A woman by the name of Melissa called the public radio program Marketplace Money and said her husband had a 50% pay-cut a few months ago. In order to make up for the lost income, she took up teaching part-time at a college. The college just notified her that she’s now eligible to join the college’s retirement plan.
It sounds like a 401(a) money purchase plan. The decision is one-time: if she doesn’t join now, she won’t be able to join later. If she joins, she must contribute 5% of her pay and the college puts in 8%. But, she’s tight in her budget. You can imagine so after her husband’s pay was cut in half. So she asked the radio program if she should join the retirement plan.
What do you think? I don’t know how much colleges pay part-time instructors. Let’s say she earns $40,000 a year from this job. So we are talking about $2,000 a year.
It turns out she and her husband have substantial savings, both retirement and non-retirement, to the tune of $200k in each bucket. It makes the question such a no-brainer.
Money is fungible. If she uses her savings to make up for the reduced pay because of retirement plan contributions, she effectively moves the money from non-retirement savings into a retirement plan, eliminating taxes on the future growth of that money, and earning a 160% match to boot. What a deal!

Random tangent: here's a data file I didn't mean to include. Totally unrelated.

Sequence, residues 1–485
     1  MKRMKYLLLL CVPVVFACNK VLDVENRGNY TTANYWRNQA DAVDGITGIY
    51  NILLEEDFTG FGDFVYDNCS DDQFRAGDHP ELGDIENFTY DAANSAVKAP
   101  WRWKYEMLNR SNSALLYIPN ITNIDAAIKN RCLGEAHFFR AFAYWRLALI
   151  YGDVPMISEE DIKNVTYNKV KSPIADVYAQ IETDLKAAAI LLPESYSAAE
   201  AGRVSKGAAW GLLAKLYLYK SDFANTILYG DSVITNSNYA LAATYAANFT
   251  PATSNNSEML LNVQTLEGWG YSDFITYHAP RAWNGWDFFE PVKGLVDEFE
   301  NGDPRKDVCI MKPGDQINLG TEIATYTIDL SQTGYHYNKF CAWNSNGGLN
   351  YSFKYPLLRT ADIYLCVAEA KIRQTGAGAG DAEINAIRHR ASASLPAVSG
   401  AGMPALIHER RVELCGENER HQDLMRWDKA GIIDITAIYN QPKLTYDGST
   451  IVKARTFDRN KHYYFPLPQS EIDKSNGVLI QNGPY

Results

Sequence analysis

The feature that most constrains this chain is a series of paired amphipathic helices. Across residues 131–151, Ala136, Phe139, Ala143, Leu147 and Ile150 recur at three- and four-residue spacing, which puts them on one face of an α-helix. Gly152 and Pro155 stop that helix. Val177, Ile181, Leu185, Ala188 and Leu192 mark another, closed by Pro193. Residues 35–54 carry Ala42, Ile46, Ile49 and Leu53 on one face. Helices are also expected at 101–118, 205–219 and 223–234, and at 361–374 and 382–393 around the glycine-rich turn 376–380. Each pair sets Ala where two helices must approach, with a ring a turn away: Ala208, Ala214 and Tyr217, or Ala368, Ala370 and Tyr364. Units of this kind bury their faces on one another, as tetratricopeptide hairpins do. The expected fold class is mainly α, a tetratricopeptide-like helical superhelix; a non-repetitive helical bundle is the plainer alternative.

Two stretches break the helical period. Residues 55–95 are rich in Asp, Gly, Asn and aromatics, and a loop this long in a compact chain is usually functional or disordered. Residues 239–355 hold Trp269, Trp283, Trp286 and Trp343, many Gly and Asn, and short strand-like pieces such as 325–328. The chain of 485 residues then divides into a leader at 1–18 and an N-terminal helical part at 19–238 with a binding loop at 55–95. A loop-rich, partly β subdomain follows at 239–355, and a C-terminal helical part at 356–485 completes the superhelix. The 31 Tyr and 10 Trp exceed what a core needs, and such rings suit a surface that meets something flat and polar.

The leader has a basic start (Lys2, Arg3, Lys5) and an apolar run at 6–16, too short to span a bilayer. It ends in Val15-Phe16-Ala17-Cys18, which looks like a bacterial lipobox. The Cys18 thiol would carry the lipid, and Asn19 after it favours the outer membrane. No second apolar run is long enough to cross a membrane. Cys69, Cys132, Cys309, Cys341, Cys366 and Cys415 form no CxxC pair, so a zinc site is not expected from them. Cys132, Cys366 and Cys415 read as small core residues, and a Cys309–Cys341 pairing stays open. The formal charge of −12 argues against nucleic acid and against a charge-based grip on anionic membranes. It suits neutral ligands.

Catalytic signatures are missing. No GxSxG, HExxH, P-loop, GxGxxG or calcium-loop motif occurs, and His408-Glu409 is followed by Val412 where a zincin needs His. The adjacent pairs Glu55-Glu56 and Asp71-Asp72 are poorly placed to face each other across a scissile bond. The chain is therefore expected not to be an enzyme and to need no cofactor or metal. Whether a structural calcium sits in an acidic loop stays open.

What if she doesn’t have any non-retirement savings to make up for the shortfall in pay? Should she still join the retirement plan? What if she doesn’t have any savings at all, retirement or otherwise? Should she still join the plan? If she does join, where does the money come from? I will leave these questions to you. I trust you will be able to figure them out.
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Wai Yip Tung says
Don’t forget the contribution is tax deductible. Assume her marginal tax rate is 30%, contributing 5% will reduce her take home income by $116 a month, a negligible amount compare to her family income. For this $116 reduction she will get $433 deposit to her retirement account every month. It will be tragic for her to pass it up. This should totally be made mandatory either by the college or by some law. Don’t let people make unnecessary and silly choice.
Interesting title “Money is fungible”.
Unfortunately, the IRS does not understand this concept at all..
Heartland Patriot says
Putting the money into a retirement fund makes sense if there is any sort of security in that retirement fund. However, people have invested in retirement funds in the past only to see it all go down the drain. Hopefully, this worked out well for the lady and her husband.
Harry Sit says
Putting the money in a retirement account and what you buy in such retirement account are two separate issues. A retirement account itself doesn’t mean high risk. If you invest prudently it won’t all go down the drain. If you only buy CDs in a retirement account it will be safe and guaranteed at all times.
Randall Amberson says
She’s a person with $200K in non-retirement savings who came to you saying that “she’s tight in her budget”. Nope. She isn’t. THAT’S why it’s a no-brainer.Randa